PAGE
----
By November 30 1999, the U.N. authorized a force of 5,500 troops, the United Nations Organization Mission in the Democratic Republic of the Congo (known by the French acronym, MONUC), to monitor the ceasefire. However, fighting continued between rebels and government forces, and between Rwandan and Ugandan forces. Nevertheless, numerous clashes and offensives occurred throughout the country, most notably heavy fighting between Uganda and Rwanda in Kisangani in May and June 2000. On 9 August 2000, a government offensive in Equateur Province was stopped along the Ubangui River near Libenge by MLC forces. Despite the failure of military operations, diplomatic efforts made bilaterally or through the United Nations, African Union and Southern African Development Community failed to make any headway.

Kabila's assassination

In January 2001, Laurent Kabila was assassinated by one of his bodyguards. It is unknown who ordered the killing but most feel Kabila's allies were to blame as they were tired of his duplicity, in particular his failure to implement a detailed timetable for the introduction of a new democratic constitution leading to free and fair elections. Angolan troops were highly visible at Kabila's funeral cortege in Kinshasa. However, the smoothness of the transfer of power has led to questions of Western involvement.

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Congolese soldier near the Rwandan border, 2001

The Washington Post favourably contrasted Joseph Kabila—Western educated and English-speaking—with his father. Here was someone who made diplomats "hope that things have changed", whereas "Laurent Kabila stood as the major impediment to a peaceful settlement of the war launched in August 1998 to unseat him" The Lusaka peace deal "remained unfulfilled largely because he kept staging new offensives while blocking deployment of U.N. peacekeepers in government-held territory." An analyst from the London-based Economist Intelligence Unit is quoted saying "The only obstruction had been Kabila because the [Lusaka] accord called for the government's democratic transition and that was a threat to his power."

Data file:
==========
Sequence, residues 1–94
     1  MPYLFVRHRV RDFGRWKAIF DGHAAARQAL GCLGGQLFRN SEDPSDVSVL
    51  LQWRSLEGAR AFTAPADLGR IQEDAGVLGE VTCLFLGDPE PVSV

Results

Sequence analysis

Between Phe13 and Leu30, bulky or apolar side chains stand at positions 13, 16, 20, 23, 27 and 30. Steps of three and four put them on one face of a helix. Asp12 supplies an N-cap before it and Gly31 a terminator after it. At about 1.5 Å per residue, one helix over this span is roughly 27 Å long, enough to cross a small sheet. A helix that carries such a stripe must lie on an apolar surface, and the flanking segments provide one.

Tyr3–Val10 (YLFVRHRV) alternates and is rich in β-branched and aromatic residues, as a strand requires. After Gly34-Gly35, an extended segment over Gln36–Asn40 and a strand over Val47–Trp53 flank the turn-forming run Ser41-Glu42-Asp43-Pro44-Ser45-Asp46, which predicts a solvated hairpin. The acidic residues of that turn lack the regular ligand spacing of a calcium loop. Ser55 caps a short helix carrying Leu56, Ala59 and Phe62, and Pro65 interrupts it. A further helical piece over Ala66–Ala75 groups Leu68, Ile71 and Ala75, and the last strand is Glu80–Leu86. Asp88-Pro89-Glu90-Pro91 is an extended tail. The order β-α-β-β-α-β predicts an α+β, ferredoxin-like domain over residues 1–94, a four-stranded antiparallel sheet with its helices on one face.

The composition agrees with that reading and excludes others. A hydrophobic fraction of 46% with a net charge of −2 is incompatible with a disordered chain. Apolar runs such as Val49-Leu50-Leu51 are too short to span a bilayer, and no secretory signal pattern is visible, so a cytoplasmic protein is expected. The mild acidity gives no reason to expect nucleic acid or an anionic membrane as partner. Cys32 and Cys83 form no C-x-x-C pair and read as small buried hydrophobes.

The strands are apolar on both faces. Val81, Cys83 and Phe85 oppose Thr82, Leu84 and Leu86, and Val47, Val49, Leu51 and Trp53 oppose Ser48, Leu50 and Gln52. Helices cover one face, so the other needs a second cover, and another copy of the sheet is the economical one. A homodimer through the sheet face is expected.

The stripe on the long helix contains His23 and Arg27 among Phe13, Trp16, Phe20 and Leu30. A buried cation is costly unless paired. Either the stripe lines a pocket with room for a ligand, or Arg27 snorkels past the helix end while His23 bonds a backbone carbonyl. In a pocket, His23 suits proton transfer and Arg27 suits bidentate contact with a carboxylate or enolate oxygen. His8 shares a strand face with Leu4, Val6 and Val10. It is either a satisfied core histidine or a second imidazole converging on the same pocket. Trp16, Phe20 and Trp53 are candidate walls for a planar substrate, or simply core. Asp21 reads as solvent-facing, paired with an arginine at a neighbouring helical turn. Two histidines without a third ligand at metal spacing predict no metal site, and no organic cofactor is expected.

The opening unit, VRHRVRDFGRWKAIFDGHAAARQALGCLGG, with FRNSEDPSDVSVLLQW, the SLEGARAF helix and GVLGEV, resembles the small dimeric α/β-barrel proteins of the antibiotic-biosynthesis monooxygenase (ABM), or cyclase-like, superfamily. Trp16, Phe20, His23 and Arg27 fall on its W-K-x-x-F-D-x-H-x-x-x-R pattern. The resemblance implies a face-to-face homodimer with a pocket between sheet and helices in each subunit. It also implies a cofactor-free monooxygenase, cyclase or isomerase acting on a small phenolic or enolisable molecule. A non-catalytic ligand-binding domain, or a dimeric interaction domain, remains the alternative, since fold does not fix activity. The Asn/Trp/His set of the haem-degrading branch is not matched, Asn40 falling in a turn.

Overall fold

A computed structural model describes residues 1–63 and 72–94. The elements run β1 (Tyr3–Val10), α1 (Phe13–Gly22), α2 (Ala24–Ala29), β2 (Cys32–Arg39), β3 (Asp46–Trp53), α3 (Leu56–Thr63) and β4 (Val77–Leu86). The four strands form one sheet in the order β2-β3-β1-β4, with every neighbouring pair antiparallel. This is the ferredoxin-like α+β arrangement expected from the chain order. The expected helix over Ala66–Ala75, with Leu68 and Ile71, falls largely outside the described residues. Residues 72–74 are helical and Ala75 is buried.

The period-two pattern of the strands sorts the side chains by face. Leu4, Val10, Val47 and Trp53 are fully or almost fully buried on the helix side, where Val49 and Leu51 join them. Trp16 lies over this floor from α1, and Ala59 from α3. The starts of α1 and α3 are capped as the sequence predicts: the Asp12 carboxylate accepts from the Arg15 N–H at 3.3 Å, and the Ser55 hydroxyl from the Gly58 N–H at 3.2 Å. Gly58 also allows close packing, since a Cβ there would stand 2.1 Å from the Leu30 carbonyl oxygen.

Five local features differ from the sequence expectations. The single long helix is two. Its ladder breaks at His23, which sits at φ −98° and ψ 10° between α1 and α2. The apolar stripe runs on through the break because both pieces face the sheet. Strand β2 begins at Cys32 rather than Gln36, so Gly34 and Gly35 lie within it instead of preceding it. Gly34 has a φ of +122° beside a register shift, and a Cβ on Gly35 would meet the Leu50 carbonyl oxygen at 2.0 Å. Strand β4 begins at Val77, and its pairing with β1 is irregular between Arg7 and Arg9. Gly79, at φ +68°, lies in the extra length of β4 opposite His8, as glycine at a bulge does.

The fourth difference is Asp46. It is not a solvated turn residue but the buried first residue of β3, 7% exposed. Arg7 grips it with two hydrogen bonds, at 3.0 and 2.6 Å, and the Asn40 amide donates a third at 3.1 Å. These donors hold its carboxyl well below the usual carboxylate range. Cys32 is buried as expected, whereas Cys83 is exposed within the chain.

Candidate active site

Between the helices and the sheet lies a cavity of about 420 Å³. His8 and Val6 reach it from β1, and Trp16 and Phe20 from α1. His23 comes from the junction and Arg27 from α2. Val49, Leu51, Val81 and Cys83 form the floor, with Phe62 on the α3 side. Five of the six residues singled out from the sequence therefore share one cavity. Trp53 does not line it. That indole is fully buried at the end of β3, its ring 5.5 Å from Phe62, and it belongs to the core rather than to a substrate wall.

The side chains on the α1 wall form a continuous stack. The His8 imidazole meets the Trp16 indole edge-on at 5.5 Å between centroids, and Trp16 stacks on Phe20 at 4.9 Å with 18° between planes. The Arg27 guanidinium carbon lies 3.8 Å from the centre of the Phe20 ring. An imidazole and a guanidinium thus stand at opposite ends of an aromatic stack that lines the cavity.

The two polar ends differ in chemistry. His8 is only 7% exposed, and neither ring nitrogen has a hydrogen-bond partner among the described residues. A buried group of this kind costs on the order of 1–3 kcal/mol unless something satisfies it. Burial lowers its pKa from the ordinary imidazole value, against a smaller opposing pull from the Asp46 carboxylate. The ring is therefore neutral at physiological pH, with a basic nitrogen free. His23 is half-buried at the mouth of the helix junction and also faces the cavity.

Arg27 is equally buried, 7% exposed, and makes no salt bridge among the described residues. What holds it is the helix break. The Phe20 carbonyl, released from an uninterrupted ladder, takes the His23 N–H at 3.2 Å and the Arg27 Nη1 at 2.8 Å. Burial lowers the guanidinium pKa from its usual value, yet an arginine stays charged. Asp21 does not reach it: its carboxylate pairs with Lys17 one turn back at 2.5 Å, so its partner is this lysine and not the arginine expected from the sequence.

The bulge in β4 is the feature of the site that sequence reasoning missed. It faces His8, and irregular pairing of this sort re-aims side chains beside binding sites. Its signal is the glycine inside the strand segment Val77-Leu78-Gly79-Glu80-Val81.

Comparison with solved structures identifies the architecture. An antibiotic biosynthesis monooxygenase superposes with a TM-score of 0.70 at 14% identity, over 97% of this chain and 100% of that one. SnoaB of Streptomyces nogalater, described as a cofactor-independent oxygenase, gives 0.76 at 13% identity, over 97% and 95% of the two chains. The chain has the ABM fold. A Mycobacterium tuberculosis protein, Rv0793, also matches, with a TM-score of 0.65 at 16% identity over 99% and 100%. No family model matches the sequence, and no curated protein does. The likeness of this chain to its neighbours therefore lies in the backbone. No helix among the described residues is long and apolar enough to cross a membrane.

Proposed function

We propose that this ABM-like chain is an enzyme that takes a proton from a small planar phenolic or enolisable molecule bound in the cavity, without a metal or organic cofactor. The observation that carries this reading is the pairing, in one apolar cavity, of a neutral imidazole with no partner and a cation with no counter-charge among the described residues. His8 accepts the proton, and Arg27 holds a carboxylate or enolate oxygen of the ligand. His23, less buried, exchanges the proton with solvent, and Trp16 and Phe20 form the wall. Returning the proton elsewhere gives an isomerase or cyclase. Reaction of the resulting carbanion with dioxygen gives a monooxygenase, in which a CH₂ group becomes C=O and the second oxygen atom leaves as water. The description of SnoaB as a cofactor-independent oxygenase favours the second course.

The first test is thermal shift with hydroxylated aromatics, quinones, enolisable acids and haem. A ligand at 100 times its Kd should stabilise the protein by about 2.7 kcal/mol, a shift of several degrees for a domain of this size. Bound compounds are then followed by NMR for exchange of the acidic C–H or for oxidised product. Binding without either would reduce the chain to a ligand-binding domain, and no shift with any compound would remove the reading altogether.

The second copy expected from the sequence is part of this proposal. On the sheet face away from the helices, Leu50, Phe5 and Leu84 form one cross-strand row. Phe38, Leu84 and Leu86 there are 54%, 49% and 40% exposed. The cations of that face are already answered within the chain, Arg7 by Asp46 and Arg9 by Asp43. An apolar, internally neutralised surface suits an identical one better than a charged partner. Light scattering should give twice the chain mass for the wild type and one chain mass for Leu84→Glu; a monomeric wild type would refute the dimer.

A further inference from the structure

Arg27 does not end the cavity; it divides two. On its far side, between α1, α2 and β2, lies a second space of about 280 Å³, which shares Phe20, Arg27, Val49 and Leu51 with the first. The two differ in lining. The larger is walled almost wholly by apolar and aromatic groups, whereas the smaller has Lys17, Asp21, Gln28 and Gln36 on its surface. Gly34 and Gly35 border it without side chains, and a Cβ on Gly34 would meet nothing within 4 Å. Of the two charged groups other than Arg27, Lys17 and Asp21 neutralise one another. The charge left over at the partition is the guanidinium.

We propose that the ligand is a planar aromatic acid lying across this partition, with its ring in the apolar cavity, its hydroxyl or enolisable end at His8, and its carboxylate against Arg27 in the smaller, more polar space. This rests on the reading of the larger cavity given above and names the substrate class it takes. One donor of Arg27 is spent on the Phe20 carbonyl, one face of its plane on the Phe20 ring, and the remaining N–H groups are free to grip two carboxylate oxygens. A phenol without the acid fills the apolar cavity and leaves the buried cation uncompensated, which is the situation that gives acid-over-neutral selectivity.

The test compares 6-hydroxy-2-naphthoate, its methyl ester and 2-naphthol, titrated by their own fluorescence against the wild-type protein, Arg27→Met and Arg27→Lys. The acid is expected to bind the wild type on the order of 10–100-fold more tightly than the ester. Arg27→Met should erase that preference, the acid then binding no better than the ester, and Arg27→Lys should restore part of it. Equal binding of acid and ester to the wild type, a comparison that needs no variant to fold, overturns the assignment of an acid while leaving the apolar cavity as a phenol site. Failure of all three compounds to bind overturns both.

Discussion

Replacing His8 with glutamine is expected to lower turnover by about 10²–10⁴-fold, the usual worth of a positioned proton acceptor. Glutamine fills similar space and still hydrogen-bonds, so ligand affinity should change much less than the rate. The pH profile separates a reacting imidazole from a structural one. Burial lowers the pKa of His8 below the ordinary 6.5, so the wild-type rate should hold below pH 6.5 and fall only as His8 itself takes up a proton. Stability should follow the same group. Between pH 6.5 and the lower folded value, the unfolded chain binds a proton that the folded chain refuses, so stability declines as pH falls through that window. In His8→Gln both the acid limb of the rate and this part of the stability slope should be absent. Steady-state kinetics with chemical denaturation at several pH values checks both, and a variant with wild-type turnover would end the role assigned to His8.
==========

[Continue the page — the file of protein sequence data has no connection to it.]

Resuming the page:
By unanimous vote of the Congolese parliament, his son, Joseph Kabila, was sworn in as president to replace him. This was largely as a result of Robert Mugabe's backing. In February, the new president met Rwandan President Paul Kagame in the United States. Rwanda, Uganda, and the rebels agreed to a U.N. pull-out plan. Uganda and Rwanda began pulling troops back from the front line.

In April 2001, a U.N. panel of experts investigated the illegal exploitation of diamonds, cobalt, coltan, gold and other lucrative resources in the Congo. The report accused Rwanda, Uganda and Zimbabwe of systematically exploiting Congolese resources and recommended the Security Council impose sanctions.

Despite frequent accusations of misdeeds in the Congo, the Rwandan government continued to receive substantially more international aid than went to the vastly larger Congo. Rwandan President Paul Kagame was also still respected internationally for his leadership in ending the Rwandan Genocide and for his efforts to rebuild and reunite Rwanda.

A nominal peace

A number of attempts to end the violence were made, but these were not successful. In 2002 Rwanda's situation began to worsen. Many members of the RCD either gave up fighting or decided to join Kabila's government. Moreover, the Banyamulenge, the backbone of Rwanda's militia forces, became increasingly tired of control from Kigali and the unending conflict. A number of them mutinied, leading to violent clashes between them and Rwandan forces. At the same time the western Congo was becoming increasingly secure under the younger Kabila. International aid was resumed as inflation was brought under control.